Does hepatitis C virus co-infection accelerate clinical and immunological evolution of HIV-infected patients?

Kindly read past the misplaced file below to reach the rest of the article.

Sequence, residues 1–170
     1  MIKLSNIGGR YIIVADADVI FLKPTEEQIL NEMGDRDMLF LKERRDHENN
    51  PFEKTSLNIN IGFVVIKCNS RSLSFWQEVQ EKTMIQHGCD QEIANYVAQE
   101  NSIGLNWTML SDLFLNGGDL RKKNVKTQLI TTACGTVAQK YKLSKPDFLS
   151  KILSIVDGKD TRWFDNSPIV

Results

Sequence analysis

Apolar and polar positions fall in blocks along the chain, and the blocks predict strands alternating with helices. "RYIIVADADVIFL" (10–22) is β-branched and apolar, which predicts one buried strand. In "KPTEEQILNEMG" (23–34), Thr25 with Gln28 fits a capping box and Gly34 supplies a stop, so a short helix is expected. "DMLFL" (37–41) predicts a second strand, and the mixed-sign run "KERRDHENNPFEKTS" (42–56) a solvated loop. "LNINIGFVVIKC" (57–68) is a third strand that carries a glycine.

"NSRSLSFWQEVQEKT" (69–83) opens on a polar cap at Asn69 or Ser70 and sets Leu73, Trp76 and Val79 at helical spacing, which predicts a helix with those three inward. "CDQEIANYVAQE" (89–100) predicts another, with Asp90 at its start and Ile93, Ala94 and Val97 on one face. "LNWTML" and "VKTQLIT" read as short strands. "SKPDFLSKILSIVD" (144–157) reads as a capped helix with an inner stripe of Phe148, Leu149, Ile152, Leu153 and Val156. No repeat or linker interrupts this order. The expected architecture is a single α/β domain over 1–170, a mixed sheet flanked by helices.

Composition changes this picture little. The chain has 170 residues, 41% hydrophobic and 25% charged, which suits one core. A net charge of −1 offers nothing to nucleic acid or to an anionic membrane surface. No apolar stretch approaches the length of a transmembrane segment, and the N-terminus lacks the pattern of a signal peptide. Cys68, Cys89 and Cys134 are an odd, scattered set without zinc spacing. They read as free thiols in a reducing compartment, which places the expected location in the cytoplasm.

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Objective:To study the influence of hepatitis C virus (HCV) co-infection on clinical and immunological evolution of HIV-infected patients.Design:A longitudinal study of HIV-infected individuals with or without HCV infection, identified at the Infectious Diseases Department of Dijon University Hospital and enrolled in a historical cohort, was performed.Methods:One hundred and nineteen HIV-infected people co-infected with HCV and 119 matched individuals infected with HIV alone were included in the cohort (median participation time 3 years; range, 2 months to 11.5 years). Clinical progression was defined as one or more of the following: a 30% decrease in the Karnofsky index; a 20% loss of body weight; an AIDS-defining illness (for non-AIDS patients); death (except by accident, suicide or overdose). Immunological progression was defined as a 50% decrease in the initial CD4 T-cell count (for patients with an initial count > 100 × 106 cells/l). Effects of HCV co-infection were evaluated using Kaplan-Meier survival analysis and significance was tested using univariate (log-rank and Peto's tests) and multivariate methods (Cox's model).Results:In univariate analysis, immunological progression was not statistically different between the HCV-positive group and the HCV-negative group, whereas clinical progression was significantly faster in HCV-positive patients (P < 0.005, log–rank test). In a multivariate Cox model, clinical progression remained significantly associated with infection by HCV [hazard ratio (HR), 1.64; 95% confidence interval (CI), 1.06–2.55; P < 0.05]. Stratified multivariable analysis retained HCV as a significant prognostic factor of clinical progression (HR, 10.9; 95% CI, 1.09–109.3; P < 0.05) and immunological progression (HR, 2.31; 95% CI, 1.16–4.62; P < 0.02) for patients with an initial CD4 count above 600 × 106 cells/l.Conclusions:Clinical progression is more rapid in HIV–HCV co-infected patients than in HIV-seropositive patients are not infected by HCV. The prognostic value of HCV infection for both clinical and immunological progression is significant at early stages of HIV infection. These findings may argue for active management of hepatitis C infection in co-infected individuals, especially for asymptomatic patients whose CD4 count is above 600 × 106 cells/l, to predict and prevent accelerated progression of HCV and HIV diseases.

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